My mind goes back and forth when it comes to the whole print versus digital media. Personally, when it comes to books, I prefer to have the print version. There is something about turning a page and being able to physically see and feel how many pages I have read and how many I have left. When I’m done with the book, I can put it on a shelf with all of the other books that I have read and feel a sense of accomplishment.

However, when it comes to magazines or monthly or quarterly publications, I much prefer to have access to a digital copy. Unlike books, which I tend to read at home with a cup of tea and a blanket, I find myself looking at magazines and other publications when I’m on the go. When I’m on the go (say waiting for a dentist appointment), I only have bits and pieces of time to read, so it is much nicer to have a digital version or a magazine or publication on my phone than the whole printed version shoved in my purse. So, in short, I think that it is a good and positive move on EE Time’s part to go completely digital. With the age of smartphones, tablets and other mobile devices, I’m sure that the electronic version has a much larger audience and reach. Of course, I do feel for those who are losing their jobs due to a complete migration to digital.

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How to value IP

Tuesday, January 8th, 2013

In 2012, the industry discussed the qualities that reliable and reusable IP needs and the metric to measure those qualities.  We think 2013 will be the year that the value of IP becomes tangible.

We tapped Warren Savage, CEO of IPextreme, to give us his thoughts on how to value IP.

Ed: So Warren, how do we figure out IP’s value?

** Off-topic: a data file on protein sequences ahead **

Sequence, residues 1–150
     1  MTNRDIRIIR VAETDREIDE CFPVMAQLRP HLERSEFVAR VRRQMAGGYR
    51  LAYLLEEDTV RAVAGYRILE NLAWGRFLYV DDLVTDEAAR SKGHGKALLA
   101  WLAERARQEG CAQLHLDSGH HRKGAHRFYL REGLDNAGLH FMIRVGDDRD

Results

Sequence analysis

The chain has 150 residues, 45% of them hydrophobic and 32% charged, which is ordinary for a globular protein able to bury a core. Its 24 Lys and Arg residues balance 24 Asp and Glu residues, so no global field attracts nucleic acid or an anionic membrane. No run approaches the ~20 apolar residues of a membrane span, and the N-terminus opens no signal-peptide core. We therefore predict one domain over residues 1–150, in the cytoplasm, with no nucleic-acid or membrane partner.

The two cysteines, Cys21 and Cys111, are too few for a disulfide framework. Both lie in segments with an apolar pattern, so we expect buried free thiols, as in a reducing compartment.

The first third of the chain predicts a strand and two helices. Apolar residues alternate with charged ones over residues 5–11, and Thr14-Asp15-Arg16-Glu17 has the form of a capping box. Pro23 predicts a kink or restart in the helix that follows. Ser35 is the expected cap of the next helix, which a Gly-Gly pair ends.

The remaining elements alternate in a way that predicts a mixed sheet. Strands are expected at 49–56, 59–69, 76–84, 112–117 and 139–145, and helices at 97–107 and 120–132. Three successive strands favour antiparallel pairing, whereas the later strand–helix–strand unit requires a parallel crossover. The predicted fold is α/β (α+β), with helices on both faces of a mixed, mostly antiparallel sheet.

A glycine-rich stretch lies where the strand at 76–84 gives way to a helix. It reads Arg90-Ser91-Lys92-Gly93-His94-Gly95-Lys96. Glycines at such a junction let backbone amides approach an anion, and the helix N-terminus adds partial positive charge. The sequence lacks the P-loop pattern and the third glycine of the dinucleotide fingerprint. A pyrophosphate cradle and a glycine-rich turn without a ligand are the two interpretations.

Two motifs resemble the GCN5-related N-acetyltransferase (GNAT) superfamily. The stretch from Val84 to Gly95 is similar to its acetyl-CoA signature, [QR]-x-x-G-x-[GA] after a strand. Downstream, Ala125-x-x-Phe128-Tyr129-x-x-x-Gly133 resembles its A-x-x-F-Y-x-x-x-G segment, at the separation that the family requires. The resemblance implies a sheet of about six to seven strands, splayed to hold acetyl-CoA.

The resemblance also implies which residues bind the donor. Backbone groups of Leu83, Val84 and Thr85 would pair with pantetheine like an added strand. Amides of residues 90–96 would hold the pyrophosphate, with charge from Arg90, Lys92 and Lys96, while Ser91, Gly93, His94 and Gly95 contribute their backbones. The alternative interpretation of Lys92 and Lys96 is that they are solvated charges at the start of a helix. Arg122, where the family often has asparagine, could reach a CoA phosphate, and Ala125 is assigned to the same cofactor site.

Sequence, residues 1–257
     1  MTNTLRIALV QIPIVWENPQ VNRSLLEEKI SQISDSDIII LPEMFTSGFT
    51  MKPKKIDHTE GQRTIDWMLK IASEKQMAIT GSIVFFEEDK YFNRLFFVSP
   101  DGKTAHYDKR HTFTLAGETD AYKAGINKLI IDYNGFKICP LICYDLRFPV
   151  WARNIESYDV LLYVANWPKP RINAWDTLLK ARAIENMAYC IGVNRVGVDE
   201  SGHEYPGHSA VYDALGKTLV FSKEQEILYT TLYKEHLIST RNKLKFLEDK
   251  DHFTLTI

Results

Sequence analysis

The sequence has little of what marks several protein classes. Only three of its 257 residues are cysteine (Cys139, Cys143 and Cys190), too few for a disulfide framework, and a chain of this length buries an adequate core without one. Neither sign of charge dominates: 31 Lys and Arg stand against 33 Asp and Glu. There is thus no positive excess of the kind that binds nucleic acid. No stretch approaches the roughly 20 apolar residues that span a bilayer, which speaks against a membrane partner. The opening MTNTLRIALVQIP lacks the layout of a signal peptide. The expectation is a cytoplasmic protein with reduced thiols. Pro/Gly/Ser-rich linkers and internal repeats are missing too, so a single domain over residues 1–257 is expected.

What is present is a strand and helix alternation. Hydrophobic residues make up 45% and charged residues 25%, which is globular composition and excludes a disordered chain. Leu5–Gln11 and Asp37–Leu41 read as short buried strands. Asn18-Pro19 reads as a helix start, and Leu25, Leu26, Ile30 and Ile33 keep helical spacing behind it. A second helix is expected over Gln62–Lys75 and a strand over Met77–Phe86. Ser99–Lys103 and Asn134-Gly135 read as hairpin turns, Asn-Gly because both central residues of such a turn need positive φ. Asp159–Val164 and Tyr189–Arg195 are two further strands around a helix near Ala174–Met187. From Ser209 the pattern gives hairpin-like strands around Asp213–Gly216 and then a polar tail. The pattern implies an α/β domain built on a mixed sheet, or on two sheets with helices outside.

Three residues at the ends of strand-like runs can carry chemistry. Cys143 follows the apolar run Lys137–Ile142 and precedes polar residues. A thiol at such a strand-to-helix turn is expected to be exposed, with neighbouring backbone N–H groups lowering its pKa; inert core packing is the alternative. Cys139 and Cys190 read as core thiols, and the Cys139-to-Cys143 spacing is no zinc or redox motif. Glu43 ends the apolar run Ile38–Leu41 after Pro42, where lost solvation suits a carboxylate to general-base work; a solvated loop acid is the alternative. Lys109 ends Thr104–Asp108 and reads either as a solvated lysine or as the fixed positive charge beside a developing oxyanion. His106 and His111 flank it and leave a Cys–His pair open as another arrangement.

Warren:   In the most tangible sense, I think the question ought to be “how do we monetize IP?”

IPextreme has been at the forefront of this since we founded the company back in 2004, and it really was “extreme” back in those days to discuss licensing those “crown jewels.”    But now it is increasingly mainstream and certainly the topic for industry discussion.

So one consideration revolves around the ton of licensing done in the industry today that is hidden.   Primarily around patents and process technology.   The transactional IP licensing that we specialize in, is really something that IPextreme invented.

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What hiding from the competition will get you

Tuesday, October 11th, 2011

I’m sometimes mystified when we meet a prospect or new client.

We’re supposed to handle the public introduction of the company: i.e., tell its differentiating story, nail down the supporting messages through every written or spoken effort we and the client make.

That’s not the mystifying part. We can find something to tout, always. (Look! This car has FOUR, count ’em, FOUR tires AND a steering wheel!)

Seriously, I’m speechless when, during the course of digging into the company’s value proposition, we hear, “but we don’t want to tip off the competition.”

Um…we’d never get into the family jewels. But at the story and supporting message set level, we do need to give a level of detail that shows there’s something different, new, noteworthy, NEWSworthy to the company’s editorial, blogging, analyst customer community.

It’d be like asking your lawyer to represent you in court, but not telling that lawyer everything that’s relevant to the case.

So the question I’d like to ask is: do you want to launch your company into the public domain, tell potential customers why you’ve got a different approach and technology that’s worth buying (and make money doing so)?

Or do you want to hide from the competition and everyone else, including potential customers?

 

So why comment on blogs?

Thursday, September 16th, 2010

A couple of weeks ago, a client asked, in essence, “why comment on articles or blogs?”

OK, so he didn’t say it exactly like that. But he did say that he’s

…struggling to figure out what really makes sense regarding the growing amount of posting by anybody and everybody….Is all this writing and blogging serving a real purpose? I’m not sure. Some blogs get recognition and response….I think most don’t.